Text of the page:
Q. Ed, two questions. Would you update us on where Damien Lewis is at for you guys, and last night at the Eddie Robinson, your mentor mentioned him. What kind of moment did you have in the things he might have said to you?

ED ORGERON: Well, Damien is ready to play. Jack Marucci and Tommy Moffitt, those guys, Shelby, everybody down there, they do a tremendous job. I've never been around a training staff that gets guys back so fast. Last night I accepted an award on behalf of our staff that's very prestigious. I want to thank the Eddie Robinson family. I think it was really held in a first-class manner. What an honor to meet all these people, to meet his family. Brian Kenny was a mentor of mine in Los Angeles, California, I think for two years straight I called him at 6:00 every morning and he answered the phone every morning. He helped me out in my personal life. So I wanted him to be here yesterday for that event, and he's a lifelong friend.

ED ORGERON: Yeah, you know, those are things for you guys to write about. My mind can't even think about that right now. I have been a football fan, but I'm going to focus Friday. That's all I know.

Q. Coach O, one could argue and say that your offense hasn't faced a team as dominant as Clemson presents. What part in the past success has made you guys ready for this exact moment of tomorrow?

ED ORGERON: Well, first of all, Brent Venables, I have a lot of respect for him. You watch their tape, they're in the right place at the right time. He knows how to attack protections. They use that No. 11 in great spots. We've got to know where he's at all the time. But you know the team that we played, we played some really good defenses, and our guys have done a good job.

Obviously with our offense, we have seen new defenses that we haven't practiced against sometimes. Sometimes we've seen the same defense. I think this game is going to come down to adjustments made during the game. Obviously Clemson has had a lot of time to practice, we've had a lot of time to practice. Sometimes people put in something new, sometimes they don't. They may run the same stuff. We've watched every play they've run, they've watched every play we run, so we are going to be prepared.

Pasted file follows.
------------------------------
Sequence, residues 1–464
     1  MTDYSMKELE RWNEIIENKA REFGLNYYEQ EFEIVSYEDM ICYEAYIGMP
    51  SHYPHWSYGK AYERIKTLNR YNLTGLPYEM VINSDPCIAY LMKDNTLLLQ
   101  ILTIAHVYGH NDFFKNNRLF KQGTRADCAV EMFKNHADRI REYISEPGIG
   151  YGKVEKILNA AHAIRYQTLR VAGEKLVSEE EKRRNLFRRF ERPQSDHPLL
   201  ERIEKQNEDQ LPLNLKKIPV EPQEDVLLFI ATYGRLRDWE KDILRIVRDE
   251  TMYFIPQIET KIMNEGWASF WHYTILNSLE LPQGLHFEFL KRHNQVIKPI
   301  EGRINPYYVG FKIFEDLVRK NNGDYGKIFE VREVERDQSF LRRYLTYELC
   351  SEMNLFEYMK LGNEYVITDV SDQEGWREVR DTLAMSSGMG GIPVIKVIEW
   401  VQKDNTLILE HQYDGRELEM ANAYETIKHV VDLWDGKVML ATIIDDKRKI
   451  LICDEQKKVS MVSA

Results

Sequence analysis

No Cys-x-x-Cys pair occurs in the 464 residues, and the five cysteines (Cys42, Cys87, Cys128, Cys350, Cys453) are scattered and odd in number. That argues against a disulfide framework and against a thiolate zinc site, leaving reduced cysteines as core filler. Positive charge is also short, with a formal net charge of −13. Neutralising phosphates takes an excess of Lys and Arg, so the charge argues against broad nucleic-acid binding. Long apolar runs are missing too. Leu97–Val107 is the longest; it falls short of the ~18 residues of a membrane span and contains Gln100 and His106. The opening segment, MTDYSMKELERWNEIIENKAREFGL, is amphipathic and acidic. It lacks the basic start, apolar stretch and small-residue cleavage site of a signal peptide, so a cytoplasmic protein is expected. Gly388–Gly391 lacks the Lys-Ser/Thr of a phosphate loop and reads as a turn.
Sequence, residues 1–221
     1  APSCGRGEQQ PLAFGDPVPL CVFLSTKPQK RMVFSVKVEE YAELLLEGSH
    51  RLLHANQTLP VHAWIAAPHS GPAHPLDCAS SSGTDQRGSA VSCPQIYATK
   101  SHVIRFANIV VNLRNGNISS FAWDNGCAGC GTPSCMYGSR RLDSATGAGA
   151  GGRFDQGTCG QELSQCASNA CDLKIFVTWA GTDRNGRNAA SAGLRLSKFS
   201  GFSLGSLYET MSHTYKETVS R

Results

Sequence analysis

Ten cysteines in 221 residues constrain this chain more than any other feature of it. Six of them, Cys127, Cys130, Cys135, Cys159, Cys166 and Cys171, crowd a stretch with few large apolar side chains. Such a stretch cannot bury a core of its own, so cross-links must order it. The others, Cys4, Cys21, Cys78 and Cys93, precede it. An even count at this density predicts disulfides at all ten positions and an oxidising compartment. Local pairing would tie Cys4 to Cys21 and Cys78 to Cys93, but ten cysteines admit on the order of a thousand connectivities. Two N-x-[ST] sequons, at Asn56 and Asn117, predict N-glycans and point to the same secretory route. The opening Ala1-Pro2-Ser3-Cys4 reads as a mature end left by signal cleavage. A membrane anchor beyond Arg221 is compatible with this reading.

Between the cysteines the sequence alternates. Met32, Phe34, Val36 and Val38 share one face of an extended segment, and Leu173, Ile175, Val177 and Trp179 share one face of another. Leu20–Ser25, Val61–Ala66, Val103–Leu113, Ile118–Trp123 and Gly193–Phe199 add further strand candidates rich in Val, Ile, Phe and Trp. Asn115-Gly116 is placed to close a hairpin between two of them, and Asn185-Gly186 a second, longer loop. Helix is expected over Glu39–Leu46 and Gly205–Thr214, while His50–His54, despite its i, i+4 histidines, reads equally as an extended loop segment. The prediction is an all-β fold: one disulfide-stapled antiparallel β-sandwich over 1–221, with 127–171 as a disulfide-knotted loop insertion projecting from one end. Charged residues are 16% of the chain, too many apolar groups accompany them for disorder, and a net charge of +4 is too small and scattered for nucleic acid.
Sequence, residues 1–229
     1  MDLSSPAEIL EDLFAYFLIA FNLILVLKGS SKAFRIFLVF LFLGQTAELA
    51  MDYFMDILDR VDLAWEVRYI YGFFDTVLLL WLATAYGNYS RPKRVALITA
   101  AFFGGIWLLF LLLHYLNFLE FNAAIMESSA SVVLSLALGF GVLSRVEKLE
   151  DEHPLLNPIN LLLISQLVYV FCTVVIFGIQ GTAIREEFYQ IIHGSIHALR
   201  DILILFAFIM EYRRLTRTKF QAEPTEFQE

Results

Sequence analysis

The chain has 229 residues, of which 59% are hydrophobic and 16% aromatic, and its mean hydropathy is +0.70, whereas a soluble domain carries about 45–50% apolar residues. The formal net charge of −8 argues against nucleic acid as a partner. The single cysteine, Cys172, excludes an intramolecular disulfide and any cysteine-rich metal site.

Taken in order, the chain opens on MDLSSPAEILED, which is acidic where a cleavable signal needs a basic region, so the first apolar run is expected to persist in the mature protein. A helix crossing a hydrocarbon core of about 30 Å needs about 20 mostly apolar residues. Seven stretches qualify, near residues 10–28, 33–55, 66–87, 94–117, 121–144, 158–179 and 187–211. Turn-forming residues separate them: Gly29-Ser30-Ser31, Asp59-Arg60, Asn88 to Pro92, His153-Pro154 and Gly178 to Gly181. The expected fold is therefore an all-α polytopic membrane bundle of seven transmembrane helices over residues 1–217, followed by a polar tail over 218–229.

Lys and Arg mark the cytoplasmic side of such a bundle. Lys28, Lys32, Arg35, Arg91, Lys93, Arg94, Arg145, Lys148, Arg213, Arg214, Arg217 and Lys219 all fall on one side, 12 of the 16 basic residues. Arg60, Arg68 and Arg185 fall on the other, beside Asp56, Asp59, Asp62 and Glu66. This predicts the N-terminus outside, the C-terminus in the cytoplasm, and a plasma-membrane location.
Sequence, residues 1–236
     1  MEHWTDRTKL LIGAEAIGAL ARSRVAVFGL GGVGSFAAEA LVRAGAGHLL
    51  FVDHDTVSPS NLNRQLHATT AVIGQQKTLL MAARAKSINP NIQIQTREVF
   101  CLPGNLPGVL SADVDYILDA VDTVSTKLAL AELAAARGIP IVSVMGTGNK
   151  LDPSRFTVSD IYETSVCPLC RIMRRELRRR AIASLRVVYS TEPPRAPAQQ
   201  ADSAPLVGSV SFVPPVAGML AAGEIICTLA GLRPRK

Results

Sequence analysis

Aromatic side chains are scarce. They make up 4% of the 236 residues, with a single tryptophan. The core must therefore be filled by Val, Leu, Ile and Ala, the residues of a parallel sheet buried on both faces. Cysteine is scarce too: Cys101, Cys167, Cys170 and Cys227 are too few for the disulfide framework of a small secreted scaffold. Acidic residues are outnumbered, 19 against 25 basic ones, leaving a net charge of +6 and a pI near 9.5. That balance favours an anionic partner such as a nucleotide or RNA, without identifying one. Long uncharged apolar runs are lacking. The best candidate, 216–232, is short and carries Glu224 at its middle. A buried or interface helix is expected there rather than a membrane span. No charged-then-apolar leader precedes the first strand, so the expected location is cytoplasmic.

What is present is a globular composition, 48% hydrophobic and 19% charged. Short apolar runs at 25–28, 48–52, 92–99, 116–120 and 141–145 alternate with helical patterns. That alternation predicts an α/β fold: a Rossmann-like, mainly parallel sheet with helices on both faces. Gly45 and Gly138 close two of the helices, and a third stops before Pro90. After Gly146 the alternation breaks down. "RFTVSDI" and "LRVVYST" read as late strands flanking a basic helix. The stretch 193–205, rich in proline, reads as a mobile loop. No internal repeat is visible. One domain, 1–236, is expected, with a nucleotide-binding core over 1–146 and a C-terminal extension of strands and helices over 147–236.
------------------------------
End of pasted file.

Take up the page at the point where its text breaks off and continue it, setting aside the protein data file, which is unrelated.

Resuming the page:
But I think when it comes down to coaches making the proper calls, I think what we have an advantage of with this year more than any other team I've been with, that Joe can execute those plays, and we put playmakers in space and let them play.

Q. Coach O, I've heard Clemson's answers about the long delay until you play. I was just curious, I hadn't heard your thoughts. Is this the right amount of time for this game? Do you feel the preparation was needed?

ED ORGERON: You know, for us, we needed the rest. We gave our guys ample rest. We practiced four days, we gave them three days off, and then we went through a regular game week of planning. So I think it's been good.

It seems like right now everybody is getting a little antsy to play. Those things, sometimes you've got to adjust to whatever they tell you to do, so we don't blink. They tell us it's 16 days, it's 16, they tell us it's seven, it's seven. We just go.

Q. Coach O, can you touch on the importance of Michael Divinity's return to the defense? And also Myles Brennan's status for the ballgame?

ED ORGERON: Yeah, you know, Mike is going to help us, especially in pass rush situations. Now, there's some times, a certain situation he could be on the field on 1st down. It all depends what personnel grouping we get, but Mike is a very good player, a very good pass rusher. He brings energy to the football team. I want to give Mike credit for sticking with it. He had to take a couple of games off. He had the opportunity, he could have left to get ready for the NFL. He didn't. He practiced with the team every day. He did the thing he was supposed to, and now he's playing in the championship game.

Myles Brennan is fine, ready to go.